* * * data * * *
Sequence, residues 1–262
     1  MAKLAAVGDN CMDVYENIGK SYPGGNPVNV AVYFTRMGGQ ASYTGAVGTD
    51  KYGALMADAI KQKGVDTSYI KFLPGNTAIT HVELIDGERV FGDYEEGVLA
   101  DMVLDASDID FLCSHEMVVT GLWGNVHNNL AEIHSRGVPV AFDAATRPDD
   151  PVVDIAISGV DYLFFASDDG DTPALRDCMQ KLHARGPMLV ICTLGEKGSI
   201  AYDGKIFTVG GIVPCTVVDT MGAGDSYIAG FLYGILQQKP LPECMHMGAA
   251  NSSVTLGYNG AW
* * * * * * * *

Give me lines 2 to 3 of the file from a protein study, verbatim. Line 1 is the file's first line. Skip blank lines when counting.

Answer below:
     1  MAKLAAVGDN CMDVYENIGK SYPGGNPVNV AVYFTRMGGQ ASYTGAVGTD
    51  KYGALMADAI KQKGVDTSYI KFLPGNTAIT HVELIDGERV FGDYEEGVLA